A while ago, we were telling you about the discovery of a huge exoplanet – a gas giant, found just 155 light years away from Earth. The head researcher behind that study was Marie-Eve Naud. Her main research field is the detection and characterization of exoplanets, with a focus on astrobiology. She was kind enough to talk to us and shed some light on what she studies, and what’s it like to be in such an exciting field! You can read the interview below:
ZME Science (Andrei): I read that you directly imaged the planet in infrared. How did you find it, is it like looking for a needle in a hay stack, or are there certain clues for finding planets? Do you have certain clusters of stars which are more likely to host planets?
Marie-Eve Naud: With the technique that we use, which is called “Direct Imaging”, it’s much easier to find planets around young stars, i.e. stars that are only a few dozen to ~100-200Myr (in comparison, our Sun is ~4.6Gyr). This is the case because young stars harbour young planets, which are still contracting, and thus hotter and bigger, so more luminous. We were thus searching around a sample of stars which we knew were quite young because they were recently identified as members of Young Moving Groups, i.e. groups of young stars that were formed “together”, at a similar point in space and time. Just to be clear, though, it’s not necessarily that these young stars are more likely to harbour planets, it’s just that we are more likely to be able to find them there with the technique we used.
A: Could this technique have worked if the planet was smaller or closer to its star?
M: Very good good question. To a certain extent, no. It is really hard to find planets the way we do, i.e. by seeing “directly” the light of the planet. If the planet is too close or too faint (which is the case if it is smaller – or older, like I said earlier), it’s hard harder to disentangle its light from that, much more intense, of the parent star. However, some instruments like the Gemini Planet Imager (GPI) on the Gemini South telescope in Chile were specifically built to detect smaller and closer planets (still giants and still quite far from their stars, but smaller and closer than GU Psc b).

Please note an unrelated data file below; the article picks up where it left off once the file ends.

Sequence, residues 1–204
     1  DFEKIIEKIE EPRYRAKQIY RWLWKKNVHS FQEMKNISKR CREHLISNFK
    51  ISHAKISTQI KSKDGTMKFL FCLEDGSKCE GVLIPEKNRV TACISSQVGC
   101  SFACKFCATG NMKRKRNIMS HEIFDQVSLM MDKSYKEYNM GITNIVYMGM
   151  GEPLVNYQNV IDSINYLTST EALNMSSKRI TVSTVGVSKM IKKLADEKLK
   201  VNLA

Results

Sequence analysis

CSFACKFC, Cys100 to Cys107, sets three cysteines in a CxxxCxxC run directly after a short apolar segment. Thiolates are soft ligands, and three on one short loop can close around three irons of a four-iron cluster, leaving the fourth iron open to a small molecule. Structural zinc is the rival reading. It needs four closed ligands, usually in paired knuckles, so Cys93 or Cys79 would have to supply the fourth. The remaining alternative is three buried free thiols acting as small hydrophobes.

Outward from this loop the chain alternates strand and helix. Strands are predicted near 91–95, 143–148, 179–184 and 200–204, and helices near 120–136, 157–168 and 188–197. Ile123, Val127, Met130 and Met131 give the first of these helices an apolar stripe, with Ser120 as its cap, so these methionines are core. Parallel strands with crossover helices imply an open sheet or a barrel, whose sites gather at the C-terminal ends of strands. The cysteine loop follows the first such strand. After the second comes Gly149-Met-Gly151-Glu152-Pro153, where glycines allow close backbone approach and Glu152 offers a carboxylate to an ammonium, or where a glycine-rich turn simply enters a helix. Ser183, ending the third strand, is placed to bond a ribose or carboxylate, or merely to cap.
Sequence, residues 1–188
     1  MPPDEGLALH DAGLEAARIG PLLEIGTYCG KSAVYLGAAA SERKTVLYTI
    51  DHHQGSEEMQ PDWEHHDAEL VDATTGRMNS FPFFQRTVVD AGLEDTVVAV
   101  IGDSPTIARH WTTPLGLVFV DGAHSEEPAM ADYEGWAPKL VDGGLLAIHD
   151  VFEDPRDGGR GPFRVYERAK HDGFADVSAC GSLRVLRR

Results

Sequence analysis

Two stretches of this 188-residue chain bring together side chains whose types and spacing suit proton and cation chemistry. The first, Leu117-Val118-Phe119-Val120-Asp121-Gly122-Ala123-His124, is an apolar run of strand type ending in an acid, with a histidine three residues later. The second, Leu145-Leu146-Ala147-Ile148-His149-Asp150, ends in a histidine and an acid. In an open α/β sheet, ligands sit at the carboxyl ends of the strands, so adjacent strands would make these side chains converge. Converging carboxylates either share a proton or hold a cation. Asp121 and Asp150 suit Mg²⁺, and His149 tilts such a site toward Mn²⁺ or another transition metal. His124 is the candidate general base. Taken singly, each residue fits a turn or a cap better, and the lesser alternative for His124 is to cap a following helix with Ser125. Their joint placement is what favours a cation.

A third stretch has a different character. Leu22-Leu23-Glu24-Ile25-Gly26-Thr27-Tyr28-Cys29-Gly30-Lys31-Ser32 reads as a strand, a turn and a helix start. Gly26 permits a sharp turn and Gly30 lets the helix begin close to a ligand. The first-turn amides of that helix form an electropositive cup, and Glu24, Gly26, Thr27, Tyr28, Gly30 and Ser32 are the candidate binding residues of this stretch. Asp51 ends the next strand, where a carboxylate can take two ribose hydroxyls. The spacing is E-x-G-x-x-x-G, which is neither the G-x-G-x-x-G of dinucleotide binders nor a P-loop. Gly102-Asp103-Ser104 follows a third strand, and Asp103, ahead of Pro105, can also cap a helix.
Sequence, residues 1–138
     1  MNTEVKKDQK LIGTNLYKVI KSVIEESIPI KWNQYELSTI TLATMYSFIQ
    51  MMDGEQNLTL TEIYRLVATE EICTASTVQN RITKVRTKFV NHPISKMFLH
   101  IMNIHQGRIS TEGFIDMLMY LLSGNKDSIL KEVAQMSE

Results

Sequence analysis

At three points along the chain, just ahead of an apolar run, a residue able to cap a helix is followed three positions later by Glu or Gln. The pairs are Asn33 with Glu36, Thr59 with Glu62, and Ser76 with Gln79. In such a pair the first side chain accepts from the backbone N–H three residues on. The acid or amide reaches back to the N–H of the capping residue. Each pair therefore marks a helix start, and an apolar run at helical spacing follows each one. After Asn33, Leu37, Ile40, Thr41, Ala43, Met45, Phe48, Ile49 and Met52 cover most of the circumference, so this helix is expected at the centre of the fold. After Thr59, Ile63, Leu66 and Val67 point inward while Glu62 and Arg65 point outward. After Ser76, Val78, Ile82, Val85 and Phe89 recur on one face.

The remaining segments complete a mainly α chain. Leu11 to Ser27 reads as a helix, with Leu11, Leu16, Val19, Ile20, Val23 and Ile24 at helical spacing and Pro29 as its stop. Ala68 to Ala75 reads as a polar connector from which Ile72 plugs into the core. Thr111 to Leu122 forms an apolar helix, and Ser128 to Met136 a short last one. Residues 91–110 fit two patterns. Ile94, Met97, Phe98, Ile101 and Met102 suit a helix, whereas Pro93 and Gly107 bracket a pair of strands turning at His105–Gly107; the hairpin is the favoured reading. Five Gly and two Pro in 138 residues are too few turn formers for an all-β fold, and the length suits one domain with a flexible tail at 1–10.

A: I read that your co-author René Doyon said that “the great distance that separates it from its star makes possible a thorough study with a variety of instruments” – what instruments are we talking about? What kind of information can we derive from studying it with different instruments?
M: For example, we were able to get a spectrum of the planet using a spectrograph called GNIRS on Gemini North telescope, located in Hawaii, which gave us information about the temperature, and from which we were able to estimate that the mass is between 9 and 13 times that of Jupiter.
A: Wow, that’s amazing! Speaking of temperature, the surface of the planet is 800 °C (1472 °F) – almost twice as hot as Mercury, even though it’s incredibly far from its star. Is this because the planet is young and hasn’t had a chance to cool down, or is it something else?
M: Exactly as you say ;) The planet does not receive a significant amount of heating from its star, which is too far and too faint (only about 1/3 of the mass of the Sun).
A: Are planets like this common in the galaxy/universe?
M: We still have to figure this out, but we don’t think so. Out of the 90 stars we surveyed, GU Psc was the only one around which we detected a planetary-mass companion that far.
A: What will your future research focus on?
M:I’ll first try to assess more quantitatively the occurrence of these very wide, giant companions by doing a statistical study of our results. Also, I will continue to study GU Psc b to learn more about this fascinating object!
A: Keep up the good work!Again, thank you for taking the time to write to me.
M: My pleasure!